The Environmental Impact Assessment filed with the BEST Commission last October still awaits government approval and public release. BPC has been urging government to create a regulatory regime and train enforcement staff, but there’s been no announcement of any steps yet taken.
Christie’s latest statements suggest he is waiting to see if drilling offshore Cuba in the coming months shows that oil is really present.
But that is merely procrastination. The only way oil can be proven on Bahamian territory is by actual drilling on one of the five leases, located southwest of Andros. April 2013 is not far off, and BPC will soon need an OK from government to give it enough lead-time to complete the technicalities, arrange financing and bring in a partner.
A referendum “in principle” would be a pointless exercise. Any intelligent vote must be based on review of complex factors that cannot be compressed into a referendum ballot – environmental risks, mitigation measures, revenue-sharing formulas, projections of future income - already being analyzed by BPC. They can be reviewed and negotiated by our Cabinet with its own team of technical, financial, and legal advisors, so that a detailed bill can be presented for debate by House and Senate.
Of course a certain faction of our citizens will campaign against oil exploration regardless of any information available, sincerely convinced that our beaches and waters will become fouled with oil slicks destroying our natural beauty and our tourist trade . Already the Re-Earth group led by Sam Duncombe has circulated a petition titled “No Oil, No Spoil” and obtained over 1,400 signatures, local and foreign.
But the remainder of our populace can be shown that BPC is not a fly-by-night wildcatter but a serious, responsible enterprise committed to best practices. Its comprehensive 2011 Annual Report, discloses that its directors and senior executives all have long experience in either the oil and gas exploration and production industry or in high level banking or fund-management positions.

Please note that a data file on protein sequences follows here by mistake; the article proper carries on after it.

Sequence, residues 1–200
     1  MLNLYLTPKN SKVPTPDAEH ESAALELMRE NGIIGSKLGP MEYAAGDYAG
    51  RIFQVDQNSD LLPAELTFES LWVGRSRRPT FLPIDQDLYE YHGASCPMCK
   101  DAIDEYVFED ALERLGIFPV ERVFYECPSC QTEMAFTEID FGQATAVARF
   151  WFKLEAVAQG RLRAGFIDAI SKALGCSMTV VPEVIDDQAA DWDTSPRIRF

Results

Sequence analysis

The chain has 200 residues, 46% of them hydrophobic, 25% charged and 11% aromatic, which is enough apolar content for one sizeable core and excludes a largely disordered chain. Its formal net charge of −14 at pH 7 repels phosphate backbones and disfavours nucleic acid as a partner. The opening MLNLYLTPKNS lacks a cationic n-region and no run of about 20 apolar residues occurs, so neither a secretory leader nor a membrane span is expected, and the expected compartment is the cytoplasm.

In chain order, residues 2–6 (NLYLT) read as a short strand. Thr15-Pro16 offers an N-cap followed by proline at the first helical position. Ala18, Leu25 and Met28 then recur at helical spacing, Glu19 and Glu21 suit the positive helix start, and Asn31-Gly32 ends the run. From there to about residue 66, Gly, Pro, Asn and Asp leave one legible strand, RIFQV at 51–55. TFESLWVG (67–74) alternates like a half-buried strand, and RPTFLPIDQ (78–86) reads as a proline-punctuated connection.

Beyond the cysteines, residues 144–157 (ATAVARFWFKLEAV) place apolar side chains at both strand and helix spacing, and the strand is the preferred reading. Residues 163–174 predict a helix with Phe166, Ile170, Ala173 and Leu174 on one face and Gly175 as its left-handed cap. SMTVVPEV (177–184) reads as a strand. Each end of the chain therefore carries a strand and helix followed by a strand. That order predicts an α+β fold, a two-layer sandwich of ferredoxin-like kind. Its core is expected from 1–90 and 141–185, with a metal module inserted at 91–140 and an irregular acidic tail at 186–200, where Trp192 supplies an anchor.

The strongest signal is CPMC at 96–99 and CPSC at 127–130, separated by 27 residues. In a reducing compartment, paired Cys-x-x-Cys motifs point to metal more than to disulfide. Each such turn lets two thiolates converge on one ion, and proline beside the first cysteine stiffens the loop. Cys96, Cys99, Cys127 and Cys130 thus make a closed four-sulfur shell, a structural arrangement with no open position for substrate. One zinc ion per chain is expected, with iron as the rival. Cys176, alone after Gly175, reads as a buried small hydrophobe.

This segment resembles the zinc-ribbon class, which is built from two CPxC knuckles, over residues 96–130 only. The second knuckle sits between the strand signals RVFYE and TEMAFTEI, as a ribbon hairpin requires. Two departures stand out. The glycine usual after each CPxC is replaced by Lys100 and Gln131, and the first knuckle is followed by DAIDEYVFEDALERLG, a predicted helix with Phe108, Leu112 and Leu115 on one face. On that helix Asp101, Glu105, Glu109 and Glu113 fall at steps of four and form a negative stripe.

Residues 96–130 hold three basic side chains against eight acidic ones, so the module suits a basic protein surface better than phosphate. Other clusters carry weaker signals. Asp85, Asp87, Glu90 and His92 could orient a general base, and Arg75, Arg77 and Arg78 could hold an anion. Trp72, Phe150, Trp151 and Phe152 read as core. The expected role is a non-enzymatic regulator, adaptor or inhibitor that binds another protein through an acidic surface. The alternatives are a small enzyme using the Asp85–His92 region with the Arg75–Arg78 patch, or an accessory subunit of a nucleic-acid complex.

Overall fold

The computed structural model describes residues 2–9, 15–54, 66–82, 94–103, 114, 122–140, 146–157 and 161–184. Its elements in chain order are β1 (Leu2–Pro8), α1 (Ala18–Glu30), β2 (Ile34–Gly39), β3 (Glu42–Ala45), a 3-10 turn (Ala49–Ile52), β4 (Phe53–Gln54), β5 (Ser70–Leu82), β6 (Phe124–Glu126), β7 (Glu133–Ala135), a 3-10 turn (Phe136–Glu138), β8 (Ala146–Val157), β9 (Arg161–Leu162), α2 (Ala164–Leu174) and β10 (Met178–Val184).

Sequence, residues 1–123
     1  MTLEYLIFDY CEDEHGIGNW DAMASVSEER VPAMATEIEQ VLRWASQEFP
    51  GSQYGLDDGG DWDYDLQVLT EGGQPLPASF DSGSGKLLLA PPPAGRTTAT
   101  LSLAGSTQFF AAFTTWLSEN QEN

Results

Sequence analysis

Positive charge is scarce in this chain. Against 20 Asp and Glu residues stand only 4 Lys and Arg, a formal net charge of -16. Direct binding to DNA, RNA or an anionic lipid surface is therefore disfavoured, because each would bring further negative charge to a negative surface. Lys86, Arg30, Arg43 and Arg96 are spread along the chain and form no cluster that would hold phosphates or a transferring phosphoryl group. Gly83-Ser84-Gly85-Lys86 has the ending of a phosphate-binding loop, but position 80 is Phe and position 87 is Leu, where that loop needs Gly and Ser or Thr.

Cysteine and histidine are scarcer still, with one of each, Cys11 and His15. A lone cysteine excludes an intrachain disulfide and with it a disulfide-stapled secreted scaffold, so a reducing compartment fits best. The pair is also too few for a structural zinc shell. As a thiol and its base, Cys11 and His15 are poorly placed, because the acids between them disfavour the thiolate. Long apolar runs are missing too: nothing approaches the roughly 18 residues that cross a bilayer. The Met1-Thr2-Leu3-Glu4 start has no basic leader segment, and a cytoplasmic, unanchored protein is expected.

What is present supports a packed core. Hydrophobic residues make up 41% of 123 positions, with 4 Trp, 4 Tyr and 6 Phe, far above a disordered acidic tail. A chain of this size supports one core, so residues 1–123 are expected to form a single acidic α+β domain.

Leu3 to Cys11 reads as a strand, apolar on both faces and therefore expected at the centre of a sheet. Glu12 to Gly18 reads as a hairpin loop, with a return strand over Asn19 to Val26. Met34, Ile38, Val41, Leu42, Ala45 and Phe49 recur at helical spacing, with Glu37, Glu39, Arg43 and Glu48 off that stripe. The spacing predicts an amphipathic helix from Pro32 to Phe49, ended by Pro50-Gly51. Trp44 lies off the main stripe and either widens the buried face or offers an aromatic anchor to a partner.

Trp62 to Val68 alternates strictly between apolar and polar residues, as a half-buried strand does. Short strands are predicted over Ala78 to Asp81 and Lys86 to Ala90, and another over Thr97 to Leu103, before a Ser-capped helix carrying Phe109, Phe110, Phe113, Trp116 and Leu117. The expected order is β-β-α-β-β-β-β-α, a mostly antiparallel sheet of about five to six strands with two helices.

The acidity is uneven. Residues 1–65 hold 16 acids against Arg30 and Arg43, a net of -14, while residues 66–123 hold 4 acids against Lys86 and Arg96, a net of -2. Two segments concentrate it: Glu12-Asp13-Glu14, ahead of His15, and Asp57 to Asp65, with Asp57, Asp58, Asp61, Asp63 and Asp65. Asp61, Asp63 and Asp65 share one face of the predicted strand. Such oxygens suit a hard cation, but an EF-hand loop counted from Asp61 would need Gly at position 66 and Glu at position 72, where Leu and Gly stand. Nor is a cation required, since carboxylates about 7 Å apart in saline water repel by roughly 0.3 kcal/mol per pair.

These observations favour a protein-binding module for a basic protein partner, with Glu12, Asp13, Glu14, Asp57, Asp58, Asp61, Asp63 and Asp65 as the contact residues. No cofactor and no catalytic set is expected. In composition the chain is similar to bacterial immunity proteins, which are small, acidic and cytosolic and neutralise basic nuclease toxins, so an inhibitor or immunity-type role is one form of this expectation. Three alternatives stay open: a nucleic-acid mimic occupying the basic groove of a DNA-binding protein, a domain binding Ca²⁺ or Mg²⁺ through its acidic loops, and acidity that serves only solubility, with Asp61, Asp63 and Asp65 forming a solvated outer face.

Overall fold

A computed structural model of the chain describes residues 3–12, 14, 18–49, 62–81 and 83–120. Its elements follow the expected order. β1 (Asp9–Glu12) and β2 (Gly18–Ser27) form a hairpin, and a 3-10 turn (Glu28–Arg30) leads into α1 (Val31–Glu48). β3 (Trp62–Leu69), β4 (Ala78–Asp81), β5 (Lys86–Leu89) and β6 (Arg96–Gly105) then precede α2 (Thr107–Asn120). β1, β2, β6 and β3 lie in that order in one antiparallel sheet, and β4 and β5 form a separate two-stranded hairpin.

In 2011 the company was capitalized by placing about $74 million of shares with sophisticated investors, firms capable of analyzing the inevitable risks of loss in hydro-carbon exploration and balancing them against the possible large rewards. After initial expenditures for exploration and evaluation assets, plus a year’s operating expense, about $35 million cash remained at year end, ample for continued business provided production revenues or farm-in investments are secured in the next few years.
The national earnings from hydro-carbons, as projected and still to be refined, clearly justify the minimal risks in permitting BPC to proceed. We must discount the cynicism of nay-sayers claiming that any new wealth will be wasted, mishandled, and only benefit rich insiders. The Bahamas, for all our imperfections, are not like the wretched West African nation of Equatorial Guinea, where cash from huge oil reserves discovered in the 1990s is sucked into the pockets of the ruling oligarch General Obiang, his profligate son, and a gang of cronies, leaving his 700,000 countrymen still mired in poverty and victimized by brutal repression of civil rights.
By contrast, if Christie handles this potential wisely, and the Cretaceous geologic formations below our seas prove to hold the indicated reserves, he may well become known as the founder of a new era of Bahamian prosperity.
Richard Coulson is a semi-retired Bahamian lawyer and banker. He has been published in the US periodical National Review and wrote an online article about its founder Willam F. Buckley, whom he knew. Over his career he was worked in the US and Europe. He now writes a monthly column for the Tribune in Nassau.